The tides are turning

The Philippines is brimming with optimism as travel restrictions to the country have finally been lifted, opening the door wide for international business events and bringing relief to the battered hospitality sector.

Concrete efforts in international promotions and destination management are being undertaken by the Filipino government to revive the business events sector in the Philippines.

Since the Philippines’ full reopening to vaccinated travellers in February, the Tourism Promotions Board (TPB) has focused its efforts on raising the country’s reputation as a premier business events destination, starting with its first-ever global MICE branding campaign. Currently in the works, the campaign will be unveiled sometime later this year.

Boracay, a traditionally leisure destination, formed its own MICE Alliance 
last year

Officials have also disclosed details on how TPB is planning to entice more domestic and international business events. On the cards is an enhanced MICE Plus Programme with cash subventions and better incentives. The TPB is also planning to increase its marketing expenditure, set up a MICE Ambassador Programme for local association executives to bid for international events, as well as update its MICE Roadmap 2020-2030.

TPB’s chief operating officer, Maria Anthonette Velasco-Allones, added that the government will continue to participate in international travel tradeshows, as well as collaborate with both the private sector and local government units to help the Philippines regain her competitiveness.

Velasco-Allones’ hopes are buoyed by several international and corporate events scheduled this year, such as the World Travel and Tourism Council 21st Global Summit happening from April 20-22 in Manila, and the Clipper Round The World Race which left Subic Bay in February.

To help the Philippines in her quest for business events recognition, tourism consultant Jerome de la Fuente opined that aside from South-east Asian markets, the country should also court Indian outbound groups. India is one of the fastest-growing source markets for the Philippines although there are currently no direct flights between the two countries.

“The Philippine NTO should follow the lead of other Asian countries and tap into India’s (potential), especially pharmaceutical companies…and conglomerates,” detailed de la Fuente.

Pointing to India’s business events potential, de la Fuente said that in early March 2022, the Indian Chamber of Commerce in the Philippines held a roadshow featuring India-based companies in Davao. This was its second roadshow, with the first held in 2020.

This shift in focus is needed because China – the Philippines’ second-largest inbound market pre-pandemic – still has a zero-Covid policy in place, where citizens are required to undergo lengthy quarantine upon their return.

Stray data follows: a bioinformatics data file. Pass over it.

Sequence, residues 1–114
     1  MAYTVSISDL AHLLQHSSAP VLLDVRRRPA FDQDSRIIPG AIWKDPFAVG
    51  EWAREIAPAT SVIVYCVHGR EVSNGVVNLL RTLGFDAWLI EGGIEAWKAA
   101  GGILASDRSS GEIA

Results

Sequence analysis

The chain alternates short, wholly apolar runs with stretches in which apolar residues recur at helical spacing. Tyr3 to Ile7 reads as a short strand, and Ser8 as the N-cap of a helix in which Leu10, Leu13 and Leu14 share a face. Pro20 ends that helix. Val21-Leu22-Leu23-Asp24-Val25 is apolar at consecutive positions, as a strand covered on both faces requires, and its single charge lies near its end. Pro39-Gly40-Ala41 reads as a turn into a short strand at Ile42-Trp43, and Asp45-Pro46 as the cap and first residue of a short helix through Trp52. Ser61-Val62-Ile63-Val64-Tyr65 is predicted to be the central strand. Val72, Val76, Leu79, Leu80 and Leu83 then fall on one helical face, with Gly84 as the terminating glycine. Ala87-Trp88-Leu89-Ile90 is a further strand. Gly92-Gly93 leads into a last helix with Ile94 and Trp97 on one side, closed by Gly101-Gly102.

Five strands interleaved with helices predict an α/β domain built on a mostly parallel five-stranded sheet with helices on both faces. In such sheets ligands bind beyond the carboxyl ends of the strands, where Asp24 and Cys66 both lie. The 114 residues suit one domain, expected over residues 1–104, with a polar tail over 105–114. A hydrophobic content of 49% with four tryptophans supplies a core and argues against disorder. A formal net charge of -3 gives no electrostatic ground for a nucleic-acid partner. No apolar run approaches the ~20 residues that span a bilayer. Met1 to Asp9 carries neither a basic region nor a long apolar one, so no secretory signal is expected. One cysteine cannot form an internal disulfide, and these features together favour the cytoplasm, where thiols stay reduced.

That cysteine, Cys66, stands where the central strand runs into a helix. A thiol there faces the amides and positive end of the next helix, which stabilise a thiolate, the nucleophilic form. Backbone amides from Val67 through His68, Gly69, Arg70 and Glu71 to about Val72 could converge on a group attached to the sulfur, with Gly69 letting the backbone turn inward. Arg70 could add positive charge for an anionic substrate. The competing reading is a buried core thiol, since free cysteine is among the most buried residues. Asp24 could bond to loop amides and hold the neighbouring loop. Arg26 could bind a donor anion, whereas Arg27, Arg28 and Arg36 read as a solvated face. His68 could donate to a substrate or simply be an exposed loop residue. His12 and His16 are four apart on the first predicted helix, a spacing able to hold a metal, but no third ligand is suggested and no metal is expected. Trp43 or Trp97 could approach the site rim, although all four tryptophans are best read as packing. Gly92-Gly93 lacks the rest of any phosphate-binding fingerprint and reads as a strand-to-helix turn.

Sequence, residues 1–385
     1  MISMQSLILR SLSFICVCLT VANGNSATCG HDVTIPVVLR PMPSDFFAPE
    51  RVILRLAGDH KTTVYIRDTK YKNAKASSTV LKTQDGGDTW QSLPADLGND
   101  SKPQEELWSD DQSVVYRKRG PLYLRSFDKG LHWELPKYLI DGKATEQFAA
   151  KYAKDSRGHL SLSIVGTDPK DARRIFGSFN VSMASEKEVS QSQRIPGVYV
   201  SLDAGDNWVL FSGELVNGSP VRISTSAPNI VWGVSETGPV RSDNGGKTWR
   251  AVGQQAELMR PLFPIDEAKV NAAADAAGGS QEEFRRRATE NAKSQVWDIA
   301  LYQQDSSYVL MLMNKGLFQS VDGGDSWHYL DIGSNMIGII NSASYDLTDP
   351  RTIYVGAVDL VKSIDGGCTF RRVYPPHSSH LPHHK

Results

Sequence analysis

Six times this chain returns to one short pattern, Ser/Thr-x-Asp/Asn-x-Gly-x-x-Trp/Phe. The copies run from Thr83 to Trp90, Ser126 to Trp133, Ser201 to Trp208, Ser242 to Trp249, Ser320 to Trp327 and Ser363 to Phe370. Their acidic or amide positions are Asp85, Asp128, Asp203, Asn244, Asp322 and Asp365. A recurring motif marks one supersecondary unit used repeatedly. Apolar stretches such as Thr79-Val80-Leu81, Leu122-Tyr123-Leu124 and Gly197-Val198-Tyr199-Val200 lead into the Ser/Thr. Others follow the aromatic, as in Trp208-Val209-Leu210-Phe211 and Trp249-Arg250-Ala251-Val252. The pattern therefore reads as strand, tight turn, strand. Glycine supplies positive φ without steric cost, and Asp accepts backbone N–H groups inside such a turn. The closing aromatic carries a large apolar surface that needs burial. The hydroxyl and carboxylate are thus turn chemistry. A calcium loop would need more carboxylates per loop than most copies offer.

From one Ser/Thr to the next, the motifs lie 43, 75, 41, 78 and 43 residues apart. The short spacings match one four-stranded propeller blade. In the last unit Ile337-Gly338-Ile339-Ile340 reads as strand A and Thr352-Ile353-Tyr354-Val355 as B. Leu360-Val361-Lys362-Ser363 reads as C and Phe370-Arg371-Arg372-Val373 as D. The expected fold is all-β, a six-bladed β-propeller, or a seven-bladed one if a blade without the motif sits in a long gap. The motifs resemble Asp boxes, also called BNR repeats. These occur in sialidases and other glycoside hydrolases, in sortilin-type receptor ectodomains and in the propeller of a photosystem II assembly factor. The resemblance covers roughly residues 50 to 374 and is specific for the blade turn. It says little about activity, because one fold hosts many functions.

Internally, most Philippine destinations are now considered business events ready, as airlines, convention centres, hotels and restaurants have utilised the business lull to revise their health and safety protocols to international standards, observed Bernadette de Leon, general manager of Manila-headquartered Amiable Intertours. Not a single business event held during the pandemic has resulted in the spread of Covid-19, proving that infections can be avoided in a controlled business event setting.

Another positive change, de Leon noted, is a stronger awareness among stakeholders of the importance of responsible tourism in sustaining their business and regaining travellers’ confidence.

Swissotel Clark opened in February, and is the first Swissotel-branded property in the Philippines

And as more destinations in the Philippines come to realise the value of business events, more have invested in relevant development.

For example, Clark has been steadily growing in its business events appeal. Its international airport has been expanded, while road and transport infrastructure has been built up to better connect it with Manila and other parts of Central Luzon.

International hotel companies have taken notice, resulting in recent brand entries by Marriott and Swissotel. More brands are in the pipeline, such as Banyan Tree and Westin.

With its expanding cache of hotels, resorts and activities for corporate incentive programmes and meetings, Boracay is likewise angling for business events with the formation of its own Boracay MICE Alliance. Alliance president Elmar Lina shared that the Boracay Convention Center will also add an 800 pax event venue when it opens later this year.

Elsewhere, Iloilo is another destination that boasts its own MICE Alliance formed several years ago, while Bacolod will soon join Iloilo and Boracay to become a trio of business events destinations ready to attract business events to the Western Visayas.

Technology and digital transformation – such as hybrid events and contactless touchpoints – have also been fast-tracked in the sector.

Walid Wafik, senior vice president, SM Hotels and Convention Center (SMHCC), pointed out that these new practices will be around in the long run, and keeping up to date with innovations in hotels and convention centres will make the country a worthy competitor in South-east Asia.

When asked if constant innovation would raise the cost of conducting business events, Walid shared that SMHCC would not be raising rates, but would offer value deals and packages to clients instead.

“We need the industry to bounce back first. We will work towards 2019’s pre-pandemic volume, and the revenue will come later,” he told TTGmice.